Author Archives: Micha Berger

Rabbi Micha Berger founded the AishDas Society and hosts one of the internet's longest-running active Torah e-mail lists Avodah and its broader discussion area Areivim. He recently published Widen Your Tent: Thoughts on Life, Integrity & Joy.

Rupture and Reconstruction at 25 Years

by R. Micha Berger Twenty five years ago, Rabbi Dr. Haym Soloveitchik published “Rupture and Reconstruction: The Transformation of Contemporary Orthodoxy” in Tradition Magazine. [1]Tradition, Vol. 28, No. 4 (Summer 1994), pp. 64-130. Available at, and in HTML form at … Continue reading The paper quickly became the topic of much conversation within the Orthodox community, including being cited in ...

Read More »

What Does Masorah Mean?

by R. Micha Berger I The word “masorah” is overloaded with too many meanings. Literally, it’s “that which was passed on”. So logically, a common usage would make it synonymous with Oral Torah. And yet, it’s also used for the near opposite – we speak of the masoretic text, its vowels and its trope – the ultimate in the Bible, ...

Read More »

Tools and Goals

by Micha Berger The chorus of a song we used to sing in my day, decades ago, in NCSY began: Torah and mitzvos, these are our goals Serving Hashem to strengthen our souls… If we truly thought Torah and mitzvos are our goals, then we wouldn’t be looking beyond them to suggest we “serv[e] Hashem to…” something.[1. I don’t intend ...

Read More »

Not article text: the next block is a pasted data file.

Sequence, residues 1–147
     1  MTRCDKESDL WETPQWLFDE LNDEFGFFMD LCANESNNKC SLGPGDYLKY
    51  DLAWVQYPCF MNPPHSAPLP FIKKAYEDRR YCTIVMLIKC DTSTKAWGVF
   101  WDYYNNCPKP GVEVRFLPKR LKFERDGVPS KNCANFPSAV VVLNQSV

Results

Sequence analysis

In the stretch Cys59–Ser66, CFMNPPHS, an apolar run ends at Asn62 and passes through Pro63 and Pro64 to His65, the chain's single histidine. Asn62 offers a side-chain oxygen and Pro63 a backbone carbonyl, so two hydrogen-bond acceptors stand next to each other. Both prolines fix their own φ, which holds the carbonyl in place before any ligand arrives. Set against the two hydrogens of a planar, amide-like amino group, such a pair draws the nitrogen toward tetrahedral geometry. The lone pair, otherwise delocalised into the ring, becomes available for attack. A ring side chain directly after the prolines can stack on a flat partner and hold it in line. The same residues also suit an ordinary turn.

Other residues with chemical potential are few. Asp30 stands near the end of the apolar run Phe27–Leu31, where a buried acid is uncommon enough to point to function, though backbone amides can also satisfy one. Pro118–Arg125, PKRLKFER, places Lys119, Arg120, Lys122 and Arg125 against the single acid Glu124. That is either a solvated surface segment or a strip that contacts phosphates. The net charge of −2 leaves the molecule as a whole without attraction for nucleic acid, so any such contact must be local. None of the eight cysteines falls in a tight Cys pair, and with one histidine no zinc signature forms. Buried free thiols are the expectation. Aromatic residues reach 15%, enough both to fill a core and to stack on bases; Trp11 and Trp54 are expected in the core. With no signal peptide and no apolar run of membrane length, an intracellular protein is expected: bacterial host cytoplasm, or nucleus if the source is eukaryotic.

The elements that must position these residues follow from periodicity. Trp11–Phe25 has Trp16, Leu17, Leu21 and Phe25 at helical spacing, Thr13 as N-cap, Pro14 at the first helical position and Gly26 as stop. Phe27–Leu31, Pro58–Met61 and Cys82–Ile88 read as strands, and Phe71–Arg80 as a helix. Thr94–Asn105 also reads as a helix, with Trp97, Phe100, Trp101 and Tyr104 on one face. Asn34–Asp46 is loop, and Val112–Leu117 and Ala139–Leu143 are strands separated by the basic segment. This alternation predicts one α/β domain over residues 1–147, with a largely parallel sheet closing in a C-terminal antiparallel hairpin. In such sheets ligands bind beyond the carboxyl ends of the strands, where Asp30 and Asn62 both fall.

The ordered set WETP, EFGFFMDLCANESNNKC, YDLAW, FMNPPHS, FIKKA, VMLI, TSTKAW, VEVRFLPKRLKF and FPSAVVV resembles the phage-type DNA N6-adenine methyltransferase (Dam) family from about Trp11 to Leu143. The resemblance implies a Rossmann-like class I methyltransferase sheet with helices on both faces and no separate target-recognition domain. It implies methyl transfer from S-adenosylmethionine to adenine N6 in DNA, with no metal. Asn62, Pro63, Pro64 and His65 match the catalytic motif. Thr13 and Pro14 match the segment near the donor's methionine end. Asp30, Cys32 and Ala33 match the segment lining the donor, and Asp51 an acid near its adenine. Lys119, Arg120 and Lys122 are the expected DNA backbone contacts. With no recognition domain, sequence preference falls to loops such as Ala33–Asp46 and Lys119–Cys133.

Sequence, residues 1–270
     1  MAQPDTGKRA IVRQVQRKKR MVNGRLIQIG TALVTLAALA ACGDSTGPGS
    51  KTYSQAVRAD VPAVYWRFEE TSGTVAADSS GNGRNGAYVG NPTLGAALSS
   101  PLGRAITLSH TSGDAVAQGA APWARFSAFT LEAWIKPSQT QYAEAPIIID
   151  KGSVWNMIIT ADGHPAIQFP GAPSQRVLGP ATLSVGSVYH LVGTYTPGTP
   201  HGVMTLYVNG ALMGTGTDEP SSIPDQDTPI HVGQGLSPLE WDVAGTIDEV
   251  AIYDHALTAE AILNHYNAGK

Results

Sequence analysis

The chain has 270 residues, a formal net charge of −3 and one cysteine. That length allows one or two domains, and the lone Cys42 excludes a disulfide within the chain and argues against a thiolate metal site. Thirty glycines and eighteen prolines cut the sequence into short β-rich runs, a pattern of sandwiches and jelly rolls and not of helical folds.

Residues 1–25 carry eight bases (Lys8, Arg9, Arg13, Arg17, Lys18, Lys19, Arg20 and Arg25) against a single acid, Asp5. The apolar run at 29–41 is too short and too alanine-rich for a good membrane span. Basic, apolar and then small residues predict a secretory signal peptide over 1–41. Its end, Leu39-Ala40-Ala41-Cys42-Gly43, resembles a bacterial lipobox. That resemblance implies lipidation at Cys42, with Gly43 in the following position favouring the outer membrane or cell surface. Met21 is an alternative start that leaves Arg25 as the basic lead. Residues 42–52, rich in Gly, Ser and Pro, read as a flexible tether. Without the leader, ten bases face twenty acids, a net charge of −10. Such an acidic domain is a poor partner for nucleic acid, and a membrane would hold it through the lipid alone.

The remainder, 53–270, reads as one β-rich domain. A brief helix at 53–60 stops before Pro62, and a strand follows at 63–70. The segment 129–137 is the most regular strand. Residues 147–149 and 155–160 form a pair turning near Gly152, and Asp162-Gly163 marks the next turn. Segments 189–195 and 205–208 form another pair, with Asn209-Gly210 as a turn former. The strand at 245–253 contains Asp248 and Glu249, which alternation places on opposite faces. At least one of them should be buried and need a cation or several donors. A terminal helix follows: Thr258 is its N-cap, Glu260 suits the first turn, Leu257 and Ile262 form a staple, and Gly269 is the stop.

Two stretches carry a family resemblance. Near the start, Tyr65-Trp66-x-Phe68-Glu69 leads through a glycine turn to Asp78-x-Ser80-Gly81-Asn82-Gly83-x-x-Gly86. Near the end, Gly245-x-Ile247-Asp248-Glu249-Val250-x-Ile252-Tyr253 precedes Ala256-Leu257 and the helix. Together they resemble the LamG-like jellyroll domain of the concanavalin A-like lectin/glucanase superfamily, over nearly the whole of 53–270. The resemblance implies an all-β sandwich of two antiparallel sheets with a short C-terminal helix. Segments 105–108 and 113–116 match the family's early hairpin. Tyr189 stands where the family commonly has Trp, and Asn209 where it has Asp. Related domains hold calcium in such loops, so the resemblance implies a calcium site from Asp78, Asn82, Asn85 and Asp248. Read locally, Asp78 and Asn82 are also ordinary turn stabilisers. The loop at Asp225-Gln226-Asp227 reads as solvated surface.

Rav Wolbe’s World: Building Affection

In the first installment, R. Wolbe described the world of Torah as a World of Yedidus (affection, closeness). Halakhah gives us a set of tools. Mussar and the “Torah of the Heart” show us how to use those tools to develop personal relationships with God, other people, and an internal bond with own souls that are characterized by that yedidus. ...

Read More »

Rav Wolbe’s Worldview: Affection

Rav Shlomo Wolbe was a transitional figure in Jewish thought, presenting pre-Holocaust yeshiva mussar to students steeped in modern Charedi idiom. A German-born, university-educated ba’al teshuvah, he studied in one of the premier East European yeshivas and became a Mussar devotee, eventually marrying the daughter of R. Avraham Grodzinski, the martyred mashgiach of the famous Slobodka yeshiva. Until his passing ...

Read More »

Subscribe to our Weekly Newsletter

The latest weekly digest is also available by clicking here.

Subscribe to our Daily Newsletter